The U.S. protesters inspired by the self-styled “Freedom Convoy” that occupied downtown Ottawa for weeks headed out from Southern California last week for a cross-country trip to the D.C. region. They plan to arrive this weekend, and Virginia State Police describes the convoy as a “still-fluid situation.” Here’s what is happening:

– What is the ‘People’s Convoy,’ and when is it coming?

The People’s Convoy, a U.S.-based group of activists opposed to vaccine mandates, is on a cross-country trip aiming to arrive in Hagerstown, Md., on Friday before targeting the D.C. Beltway area on Saturday. Washington County Public Schools in Hagerstown announced that students would be dismissed 2½ hours early on Friday because of expected traffic congestion caused by the convoy.

– How large is the convoy?

Despite organizers touting numbers in the thousands, Capt. Ron Galaviz, a spokesman for the Indiana State Police, said the convoy consisted of fewer than 300 vehicles when it arrived in Indiana this week – and a majority were passenger vehicles, not large trucks.

Supporters cheer as the People’s Convoy passes by on Interstate 70 in West Jefferson, Ohio, Thursday, March 3, 2022. About 150 gathered at the Ohio Route 142 bridge over I-70 in Madison County, just a few miles west of Columbus, Ohio. (Doral Chenoweth/The Columbus Dispatch via AP) OHCOL401 OHCOL401
Director of nonprofit aiding D.C.-bound truck convoy pleaded guilty to fraud

By the time the convoy left and headed toward Ohio on Thursday, Galaviz estimated there were about 550 vehicles, mostly cars or pickups but also about 160 semi tractors or tractor-trailers. Those estimates are consistent with what Ohio State Highway Patrol authorities are seeing as the convoy heads to Lore City, Ohio, said Sgt. Brice Nihiser.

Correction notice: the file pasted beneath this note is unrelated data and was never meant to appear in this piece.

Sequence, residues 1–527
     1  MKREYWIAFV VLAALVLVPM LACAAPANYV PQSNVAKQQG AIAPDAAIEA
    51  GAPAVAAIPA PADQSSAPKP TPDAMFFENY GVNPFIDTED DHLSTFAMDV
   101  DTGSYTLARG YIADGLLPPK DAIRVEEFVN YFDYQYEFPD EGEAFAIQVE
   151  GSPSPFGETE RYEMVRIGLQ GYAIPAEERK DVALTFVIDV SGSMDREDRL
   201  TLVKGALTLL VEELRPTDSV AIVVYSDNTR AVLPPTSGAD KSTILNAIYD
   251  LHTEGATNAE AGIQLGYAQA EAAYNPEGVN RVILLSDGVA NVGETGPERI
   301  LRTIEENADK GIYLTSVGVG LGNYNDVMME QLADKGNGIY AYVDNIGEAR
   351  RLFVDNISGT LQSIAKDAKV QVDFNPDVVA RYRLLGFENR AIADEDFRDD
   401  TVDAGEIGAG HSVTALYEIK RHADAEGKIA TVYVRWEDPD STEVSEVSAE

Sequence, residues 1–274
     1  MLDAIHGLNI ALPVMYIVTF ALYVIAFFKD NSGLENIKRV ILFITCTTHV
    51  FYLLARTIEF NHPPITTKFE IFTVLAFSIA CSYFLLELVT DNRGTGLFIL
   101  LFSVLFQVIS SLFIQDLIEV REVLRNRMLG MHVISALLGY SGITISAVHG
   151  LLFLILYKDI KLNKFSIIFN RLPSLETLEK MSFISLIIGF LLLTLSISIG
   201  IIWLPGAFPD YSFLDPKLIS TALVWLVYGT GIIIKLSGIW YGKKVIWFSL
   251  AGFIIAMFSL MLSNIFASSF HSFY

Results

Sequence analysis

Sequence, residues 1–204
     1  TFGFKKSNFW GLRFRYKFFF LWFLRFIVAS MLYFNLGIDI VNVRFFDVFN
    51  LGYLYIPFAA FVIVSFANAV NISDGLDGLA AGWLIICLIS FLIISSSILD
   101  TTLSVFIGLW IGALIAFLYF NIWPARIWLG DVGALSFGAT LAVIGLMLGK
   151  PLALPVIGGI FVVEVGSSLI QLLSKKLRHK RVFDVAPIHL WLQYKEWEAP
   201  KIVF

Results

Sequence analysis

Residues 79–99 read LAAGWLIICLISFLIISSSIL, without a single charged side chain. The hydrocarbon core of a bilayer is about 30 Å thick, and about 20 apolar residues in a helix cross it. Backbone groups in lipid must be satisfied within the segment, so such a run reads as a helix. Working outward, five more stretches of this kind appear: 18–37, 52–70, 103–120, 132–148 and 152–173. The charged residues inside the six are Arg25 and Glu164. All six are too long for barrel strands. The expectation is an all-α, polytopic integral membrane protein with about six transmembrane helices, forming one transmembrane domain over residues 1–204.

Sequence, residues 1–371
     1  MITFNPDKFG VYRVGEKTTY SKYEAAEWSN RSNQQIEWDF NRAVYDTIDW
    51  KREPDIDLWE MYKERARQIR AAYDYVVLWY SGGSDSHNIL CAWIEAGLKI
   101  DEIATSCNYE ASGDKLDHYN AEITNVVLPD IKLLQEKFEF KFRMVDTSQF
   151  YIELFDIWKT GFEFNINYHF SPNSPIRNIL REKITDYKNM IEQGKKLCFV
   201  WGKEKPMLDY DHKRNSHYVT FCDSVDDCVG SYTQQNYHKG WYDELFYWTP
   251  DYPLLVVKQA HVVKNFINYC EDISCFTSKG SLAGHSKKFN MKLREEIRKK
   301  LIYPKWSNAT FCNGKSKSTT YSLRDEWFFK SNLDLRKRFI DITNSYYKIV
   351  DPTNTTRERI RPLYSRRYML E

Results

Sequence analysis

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Supporters have been joining and leaving throughout the trip, making it difficult for officials to predict the size of the group before it reaches a given region.

“People would reach a destination point and decide, ‘OK, I’m far enough’ and go home, and then more would join along the way,” Sgt. Christopher Watson, a spokesman for the Illinois State Police, said of the convoy that traveled through his state earlier this week. “It varied widely, and so we had to adapt on the fly quite a bit.”

The convoy is on Day 9 of its 11-day journey, traveling from Monrovia, Ind., to Lore City, Ohio. Supporters from other states, including in the Northeast region, have posted their own routes on social media in hopes of meeting up with the group when it arrives in the Washington area.

Social media posts showed people waving American flags on the side of a highway for a Northeast contingent of People’s Convoy drivers coming through Pennsylvania. But Pennsylvania Department of Transportation officials monitoring traffic did not notice anything unusual throughout the day, said Fritzi Schreffler, an agency spokeswoman.

There was about a mile of vehicles driving south on Interstate 81, approaching Franklin County, Pa., on Thursday night, which Schreffler estimated may be the convoy.

– What will they do when they get there?